15 Cases in which MSO/Insanity Was Considered
Kip Kinkel, l7, shot 29 people in an Oregon school rampage in 1998; heard “command” voices; abandoned insanity defense, got 25+ years David Berkowitz, “Son of Sam” killings NYC, eventually recanted the “possessed dog” explanation and was sentenced to 365 years in jail Ted Bundy; US serial killer l974-l978; responsible for an estimated 40 murders; executed 1989 in FL electric chair Sirhan Sirhan: murdered Robert Kennedy l968; convicted, sentenced to death; commuted to life in prison; unsuccessful irresistable impulse Henry Lee Lucas; serial murderer in TX/FL l982; died in prison 2001 Charles Manson; cult leader; sentenced to death; CA suspends death penalty later John Wayne Gacy, used DID defense; convicted of 33 murders in l980; executed l994 Ted Kaczynski, Unabomber, thought to be suffering from paranoid schizophrenia; 4 consecutive life sentences Jeffrey Dahmer; necrophilia, cannibalism, l60-page rambling confession; convicted l992, killed in prison l994

16 A notable exception Andrea Yates: drowned children in bathtub; history of postpartum depression, convicted in 2003; conviction overturned on appeal, was found NGRI in second trial in 2006

17 Issues in Insanity Defense
All variations require mental disease or defect Wrong but morally justified – wrongfulness can be interpreted as moral, not criminal, only with specific facts (in some jurisdictions) Law does not distinguish conscious from unconscious reasoning Meaning of the terms “know” and “wrong” Irresistable Impluse: “officer at the elbow test” Measures of criminal responsibility: R-CRAS

18 What the Jury is Told (CA)
The defendant has been found guilty of the crime of _____. You must now determine whether [he] [she] was legally sane or legally insane at the time of the commission of the crime. This is the only issue for you to determine in this proceeding. You may consider evidence of [his/her] mental condition before, during and after the time of the commission of the crime, as tending to show the defendant's mental condition at the time the crime was committed. Mental illness and mental abnormality, in whatever form they may appear, are not necessarily the same as legal insanity. A person may be mentally ill or mentally abnormal and yet not be legally insane. A person is legally insane when by reason of mental disease or defect [he/she] was incapable of knowing or understanding the nature and quality of [his/her] act or incapable of distinguishing right from wrong at the time of the commission of the crime. The defendant has the burden of proving [his/her] legal insanity at the time of the commission of the crime by a preponderance of the evidence.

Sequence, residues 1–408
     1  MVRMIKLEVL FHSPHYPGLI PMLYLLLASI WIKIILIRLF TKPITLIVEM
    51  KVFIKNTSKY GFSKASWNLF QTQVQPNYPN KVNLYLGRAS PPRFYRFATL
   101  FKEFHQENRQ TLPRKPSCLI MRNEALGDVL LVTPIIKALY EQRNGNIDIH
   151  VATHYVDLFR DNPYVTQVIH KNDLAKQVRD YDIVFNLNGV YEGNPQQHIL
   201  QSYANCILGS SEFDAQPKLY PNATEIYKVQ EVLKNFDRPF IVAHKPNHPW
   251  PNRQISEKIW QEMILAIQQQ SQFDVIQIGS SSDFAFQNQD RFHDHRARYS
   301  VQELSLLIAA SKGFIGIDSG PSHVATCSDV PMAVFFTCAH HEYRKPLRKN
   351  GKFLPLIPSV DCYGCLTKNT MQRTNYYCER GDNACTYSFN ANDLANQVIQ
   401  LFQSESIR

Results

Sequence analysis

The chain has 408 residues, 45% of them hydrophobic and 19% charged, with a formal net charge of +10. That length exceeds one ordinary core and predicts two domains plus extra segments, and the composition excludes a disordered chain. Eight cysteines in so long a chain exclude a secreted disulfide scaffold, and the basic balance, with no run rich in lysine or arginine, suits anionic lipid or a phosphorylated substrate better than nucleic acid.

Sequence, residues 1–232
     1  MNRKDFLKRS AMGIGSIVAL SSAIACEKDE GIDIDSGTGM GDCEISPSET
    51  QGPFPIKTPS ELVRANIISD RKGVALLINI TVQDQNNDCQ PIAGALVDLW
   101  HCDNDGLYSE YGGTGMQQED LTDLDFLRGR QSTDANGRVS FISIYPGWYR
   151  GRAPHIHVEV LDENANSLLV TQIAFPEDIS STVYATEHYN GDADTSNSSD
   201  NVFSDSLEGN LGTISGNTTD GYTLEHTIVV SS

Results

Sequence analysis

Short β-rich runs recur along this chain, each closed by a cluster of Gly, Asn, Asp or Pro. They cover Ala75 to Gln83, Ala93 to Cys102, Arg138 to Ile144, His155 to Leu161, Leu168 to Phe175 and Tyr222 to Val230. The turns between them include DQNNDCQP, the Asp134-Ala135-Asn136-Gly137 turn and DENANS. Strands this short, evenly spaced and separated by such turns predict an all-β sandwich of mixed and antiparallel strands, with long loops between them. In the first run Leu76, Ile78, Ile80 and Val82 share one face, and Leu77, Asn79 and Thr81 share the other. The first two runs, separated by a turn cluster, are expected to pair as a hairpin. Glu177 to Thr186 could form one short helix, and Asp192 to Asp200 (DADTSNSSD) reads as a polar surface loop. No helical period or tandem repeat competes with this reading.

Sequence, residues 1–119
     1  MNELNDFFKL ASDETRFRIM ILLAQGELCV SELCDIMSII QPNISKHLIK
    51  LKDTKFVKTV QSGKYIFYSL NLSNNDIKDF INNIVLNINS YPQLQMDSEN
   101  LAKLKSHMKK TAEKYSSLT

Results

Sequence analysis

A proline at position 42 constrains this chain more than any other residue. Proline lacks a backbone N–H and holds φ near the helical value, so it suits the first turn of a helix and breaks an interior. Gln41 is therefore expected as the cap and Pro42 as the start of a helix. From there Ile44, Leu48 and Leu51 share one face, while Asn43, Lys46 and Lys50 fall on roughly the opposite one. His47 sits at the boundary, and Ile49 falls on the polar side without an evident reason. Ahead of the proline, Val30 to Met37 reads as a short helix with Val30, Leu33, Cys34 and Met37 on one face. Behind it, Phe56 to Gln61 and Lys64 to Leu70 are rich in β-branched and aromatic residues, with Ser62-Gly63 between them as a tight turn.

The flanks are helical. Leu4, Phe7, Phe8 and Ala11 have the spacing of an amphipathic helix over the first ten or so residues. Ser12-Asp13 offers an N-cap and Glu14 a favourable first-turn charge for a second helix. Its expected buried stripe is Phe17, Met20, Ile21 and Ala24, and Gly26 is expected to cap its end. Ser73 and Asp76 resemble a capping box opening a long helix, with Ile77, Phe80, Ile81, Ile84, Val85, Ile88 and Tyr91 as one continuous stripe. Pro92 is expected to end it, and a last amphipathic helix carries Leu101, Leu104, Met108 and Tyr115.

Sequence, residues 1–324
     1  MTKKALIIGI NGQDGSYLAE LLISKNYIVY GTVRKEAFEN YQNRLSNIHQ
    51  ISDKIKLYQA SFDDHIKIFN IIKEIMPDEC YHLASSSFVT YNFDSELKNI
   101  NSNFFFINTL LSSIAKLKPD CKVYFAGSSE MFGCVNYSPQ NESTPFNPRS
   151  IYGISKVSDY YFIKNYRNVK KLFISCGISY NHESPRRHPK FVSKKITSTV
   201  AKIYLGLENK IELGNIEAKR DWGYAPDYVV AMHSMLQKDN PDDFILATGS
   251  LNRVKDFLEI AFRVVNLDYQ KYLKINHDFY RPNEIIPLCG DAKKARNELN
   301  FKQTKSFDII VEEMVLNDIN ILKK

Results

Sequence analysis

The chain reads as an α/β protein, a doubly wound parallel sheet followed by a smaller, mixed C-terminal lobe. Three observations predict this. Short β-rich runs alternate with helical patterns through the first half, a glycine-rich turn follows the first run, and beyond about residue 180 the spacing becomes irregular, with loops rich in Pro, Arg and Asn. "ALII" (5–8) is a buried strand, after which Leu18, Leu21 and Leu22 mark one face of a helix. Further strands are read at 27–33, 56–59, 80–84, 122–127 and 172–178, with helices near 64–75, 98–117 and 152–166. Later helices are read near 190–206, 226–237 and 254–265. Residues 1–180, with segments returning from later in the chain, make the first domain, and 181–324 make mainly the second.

19 Burden of Proof One-third of states require prosecution to prove sanity “beyond reasonable doubt” (90-95%) Most remaining states require defendant to prove insanity by “preponderance of evidence” (5l%) AZ and federal courts: defendant must prove sanity by “clear and convincing” evidence (75%)

20 Basic Elements of Crime Behavior Relevant to Insanity Defense
physical conduct of crime (“actus reus”) mental state (level of intent) associated with the crime (“mens rea”) to convice beyond reasonable doubt, state must prove that the defendant committed the actus reus with the requisite mens rea for that crime

21 Defenses Related to Sanity
Automatism Defense acts committed “involuntarily” this is different from sanity automatons are “unaware” (but will be held responsible if ailment had previously existed and steps were not taken to prevent or manage it) prosecution bears burden of negating automatism beyond reasonable doubt no mental disease or defect required

22 Defenses Related to Sanity
Diminished Capacity mental state essentially defined culpability; planning a crime involves more intent than accidentally committing one specific vs. general intent Mens Rea components: Purpose: conscious intent Knowledge: awareness, but not conscious intent Recklessness: disregarding a substantial and unjustifiable risk Negligence: not aware of a risk, but should have been aware

23 Defenses Related to Sanity
Intoxication - generally viewed negatively by the courts unless accidental (the act of intoxication is seen as volitional) Guilty but Mentally Ill - may be sentenced to any term appropriate to the offense with the opportunity to receive treatment during the period of incarceration

24 MSO Evaluation Place emphasis on information related to crime scenario (contains mens rea information) Statements/confessions are important, but must be treated with caution Brief MSE (for diagnosis) Discuss crime with defendant Prior records relevant to diagnosis

25 Phases of MSO Evaluation
Review of Records Intro, orientation, rapport building for evaluation – defendant must see this as different from interrogation Developmental/Sociocultural history Assessment of current mental status May or may not require neuropsychological assessment Should stage assessment relative to alleged behavioral shortcomings Questions/descriptions of alleged crime